Berry Nut Chocolate Intense Granola

by Meeta Wolff

This chapter is a free excerpt from What's For Lunch, Honey?.

I love my morning granola or muesli! My jars at home are almost always filled with either a muesli or granola blend I make at home.

I usually get asked the question about the difference between granola and muesli, especially from my European friends. The concept of granola is still new to most of them, and when I send them little jars (or in some cases very large jars) filled with my latest granola mix, they are amazed at how the same breakfast concept can be so different.

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I love my morning granola or muesli! My jars at home are almost always filled with either a muesli or granola blend I make at home.

I usually get asked the question about the difference between granola and muesli, especially from my European friends. The concept of granola is still new to most of them, and when I send them little jars (or in some cases very large jars) filled with my latest granola mix, they are amazed at how the same breakfast concept can be so different.

The difference lies basically in how each is prepared. While both granola and muesli share many similarities, the two are not interchangeable. Besides having different origins, they also have different ingredients and preparing methods.

Muesli was developed by Dr. Bircher-Benner, a Swiss nutritionist towards the end of the nineteenth century. Granola, on the other hand, was developed in the United States, also in the nineteenth century, by Dr. James Caleb Jackson at the Jackson Sanitarium in New York. When it comes to the ingredients, both contain a mixture of grains, like oats or spelt flakes, nuts, and dried fruit. Granola, however, usually has honey and oil, and is toasted in the oven, giving it a crisp texture and sweeter flavor. Muesli relies mostly on the fresh fruit you add for the sweetness.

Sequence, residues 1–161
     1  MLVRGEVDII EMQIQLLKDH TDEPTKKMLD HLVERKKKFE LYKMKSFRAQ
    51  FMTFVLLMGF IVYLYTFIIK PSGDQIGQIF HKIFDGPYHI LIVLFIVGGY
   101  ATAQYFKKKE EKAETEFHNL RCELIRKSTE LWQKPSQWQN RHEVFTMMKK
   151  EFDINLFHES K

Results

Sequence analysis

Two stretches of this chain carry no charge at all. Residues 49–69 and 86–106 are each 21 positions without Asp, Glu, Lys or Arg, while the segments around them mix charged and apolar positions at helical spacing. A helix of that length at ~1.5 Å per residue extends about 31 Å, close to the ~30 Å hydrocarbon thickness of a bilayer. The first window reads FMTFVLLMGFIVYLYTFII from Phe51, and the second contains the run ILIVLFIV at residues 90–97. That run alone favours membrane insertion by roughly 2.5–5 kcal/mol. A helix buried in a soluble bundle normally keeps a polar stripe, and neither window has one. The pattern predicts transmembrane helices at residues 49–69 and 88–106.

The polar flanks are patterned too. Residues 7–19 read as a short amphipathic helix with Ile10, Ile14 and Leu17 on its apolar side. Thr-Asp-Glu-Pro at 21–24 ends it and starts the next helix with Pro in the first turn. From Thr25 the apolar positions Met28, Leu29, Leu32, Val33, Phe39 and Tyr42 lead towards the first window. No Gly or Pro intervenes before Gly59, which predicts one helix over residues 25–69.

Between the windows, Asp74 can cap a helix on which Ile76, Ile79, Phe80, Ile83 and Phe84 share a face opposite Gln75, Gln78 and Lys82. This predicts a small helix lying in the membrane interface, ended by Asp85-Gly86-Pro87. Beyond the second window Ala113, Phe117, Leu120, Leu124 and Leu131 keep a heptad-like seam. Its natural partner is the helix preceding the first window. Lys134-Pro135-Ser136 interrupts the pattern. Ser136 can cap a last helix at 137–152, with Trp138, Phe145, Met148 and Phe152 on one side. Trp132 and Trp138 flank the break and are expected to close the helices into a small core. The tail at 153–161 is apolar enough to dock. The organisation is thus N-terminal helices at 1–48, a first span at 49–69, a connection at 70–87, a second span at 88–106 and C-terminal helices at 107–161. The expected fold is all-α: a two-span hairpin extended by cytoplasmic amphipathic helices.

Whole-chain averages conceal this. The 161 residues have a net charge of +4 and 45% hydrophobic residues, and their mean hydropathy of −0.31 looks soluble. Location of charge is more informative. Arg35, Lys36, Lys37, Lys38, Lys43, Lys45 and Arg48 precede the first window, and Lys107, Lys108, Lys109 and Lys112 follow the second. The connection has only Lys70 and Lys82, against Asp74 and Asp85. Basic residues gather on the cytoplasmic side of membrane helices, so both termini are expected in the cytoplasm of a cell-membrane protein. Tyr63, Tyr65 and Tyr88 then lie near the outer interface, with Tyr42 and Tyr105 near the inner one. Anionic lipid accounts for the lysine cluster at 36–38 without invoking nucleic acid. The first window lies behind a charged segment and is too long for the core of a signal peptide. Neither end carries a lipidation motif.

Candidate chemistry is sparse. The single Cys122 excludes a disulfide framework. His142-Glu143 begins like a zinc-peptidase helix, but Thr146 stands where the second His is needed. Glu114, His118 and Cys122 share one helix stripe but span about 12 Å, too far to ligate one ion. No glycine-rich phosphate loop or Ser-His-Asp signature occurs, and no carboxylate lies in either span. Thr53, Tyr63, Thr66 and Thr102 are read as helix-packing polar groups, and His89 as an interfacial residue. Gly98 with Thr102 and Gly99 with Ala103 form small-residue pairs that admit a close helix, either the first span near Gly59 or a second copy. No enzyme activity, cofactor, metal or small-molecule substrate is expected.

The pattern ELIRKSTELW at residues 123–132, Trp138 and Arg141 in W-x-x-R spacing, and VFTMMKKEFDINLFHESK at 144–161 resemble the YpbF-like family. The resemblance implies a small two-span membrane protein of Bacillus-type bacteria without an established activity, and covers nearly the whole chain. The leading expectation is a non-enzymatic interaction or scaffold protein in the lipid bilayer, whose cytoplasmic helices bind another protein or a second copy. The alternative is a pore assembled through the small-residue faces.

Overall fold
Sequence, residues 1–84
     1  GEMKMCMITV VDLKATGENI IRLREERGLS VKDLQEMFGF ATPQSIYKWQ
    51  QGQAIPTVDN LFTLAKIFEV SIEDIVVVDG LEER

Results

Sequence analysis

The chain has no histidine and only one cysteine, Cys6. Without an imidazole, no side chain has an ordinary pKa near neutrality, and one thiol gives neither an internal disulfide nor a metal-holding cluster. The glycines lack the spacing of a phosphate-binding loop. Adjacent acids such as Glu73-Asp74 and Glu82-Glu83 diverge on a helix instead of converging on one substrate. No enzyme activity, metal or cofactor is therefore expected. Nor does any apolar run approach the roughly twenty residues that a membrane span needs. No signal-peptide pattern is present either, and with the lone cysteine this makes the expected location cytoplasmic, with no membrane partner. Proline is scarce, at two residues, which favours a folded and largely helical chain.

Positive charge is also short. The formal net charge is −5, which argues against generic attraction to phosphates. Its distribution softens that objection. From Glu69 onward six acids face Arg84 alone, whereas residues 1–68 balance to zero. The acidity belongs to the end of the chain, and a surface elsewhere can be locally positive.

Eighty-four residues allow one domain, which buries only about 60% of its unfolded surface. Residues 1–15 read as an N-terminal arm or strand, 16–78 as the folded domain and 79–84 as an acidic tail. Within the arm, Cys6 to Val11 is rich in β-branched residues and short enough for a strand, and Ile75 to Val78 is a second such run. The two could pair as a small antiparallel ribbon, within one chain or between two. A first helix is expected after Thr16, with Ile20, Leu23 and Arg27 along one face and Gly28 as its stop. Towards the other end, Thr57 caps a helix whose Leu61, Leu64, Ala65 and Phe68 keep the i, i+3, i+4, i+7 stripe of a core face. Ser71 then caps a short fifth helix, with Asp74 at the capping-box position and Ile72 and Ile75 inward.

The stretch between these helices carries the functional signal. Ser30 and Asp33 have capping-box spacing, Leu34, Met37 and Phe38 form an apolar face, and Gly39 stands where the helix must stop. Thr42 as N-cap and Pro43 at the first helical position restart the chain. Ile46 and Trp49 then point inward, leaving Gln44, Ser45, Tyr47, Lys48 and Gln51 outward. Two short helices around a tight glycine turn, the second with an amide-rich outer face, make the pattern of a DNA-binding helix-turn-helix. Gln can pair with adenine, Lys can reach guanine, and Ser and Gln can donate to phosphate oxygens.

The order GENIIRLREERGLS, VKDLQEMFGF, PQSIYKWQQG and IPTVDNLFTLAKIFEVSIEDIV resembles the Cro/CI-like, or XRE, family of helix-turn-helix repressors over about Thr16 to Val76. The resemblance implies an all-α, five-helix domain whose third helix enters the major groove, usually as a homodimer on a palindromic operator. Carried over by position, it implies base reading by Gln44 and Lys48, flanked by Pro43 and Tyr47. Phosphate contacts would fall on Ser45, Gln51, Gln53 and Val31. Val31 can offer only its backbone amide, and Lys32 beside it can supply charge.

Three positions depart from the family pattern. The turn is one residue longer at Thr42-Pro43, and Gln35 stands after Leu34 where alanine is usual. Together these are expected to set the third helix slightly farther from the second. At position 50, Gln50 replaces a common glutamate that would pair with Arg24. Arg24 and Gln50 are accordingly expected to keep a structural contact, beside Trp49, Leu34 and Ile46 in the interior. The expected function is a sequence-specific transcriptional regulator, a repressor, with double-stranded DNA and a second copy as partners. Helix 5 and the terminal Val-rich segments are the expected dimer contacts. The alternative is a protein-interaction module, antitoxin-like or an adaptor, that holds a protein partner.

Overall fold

While I love muesli, I tend to lean slightly more towards my beloved granola. I love the delicious crispy clumps of oats, seeds and berries all toasted to a wonderful golden color and coated with the sweet glaze of honey or maple syrup. Muesli has no chance against that! (I tend to go through my muesli days too though, when the flakes soak up the milk and the fresh fruit add their subtle and sweet fruity flavors—it does give me the perfect balanced start to my day.)

Soeren, my son, has definitely inherited my taste buds for granola. I don’t even come near him with the muesli creations—even the ones with chocolate! So we make lots of granola together, and come up with some very great creations. This one is a recent favorite. I love the nuttiness of spelt and usually use these in muesli and granola. There are cashews, dried cherries and cranberries, sunflower seeds, poppy seeds and the honey gives it the perfect sweetness. The best, however, is the pinch of fleur de sel and the big chunks of dark chocolate flavored with a hint of orange.

Method:

  1. Preheat oven to 160ºC (about 320ºF). Line a baking tray with baking paper.
  1. Heat honey and oil together in a large pan until the mixture begins to boil.
  1. Tip in the spelt flakes, cashew nuts, sunflower seeds, poppy seeds, fleur de sel and cinnamon and stir well until the oats are well coated. Spread out on the baking tray, spreading the mixture out evenly.
  1. Bake for 20-25 minutes, stirring with a spatula, about halfway through.
  1. Remove from the oven and immediately add the berries and chocolate and stir into the mixture. Spread the mixture out on the baking tray again and press down with a spatula and allow to cool. This helps the granola to clump together.
  1. Allow to cool completely, then place in airtight containers. It will last for three weeks if stored in a cool dry place. Serve with yogurt and fresh fruit or use in desserts.
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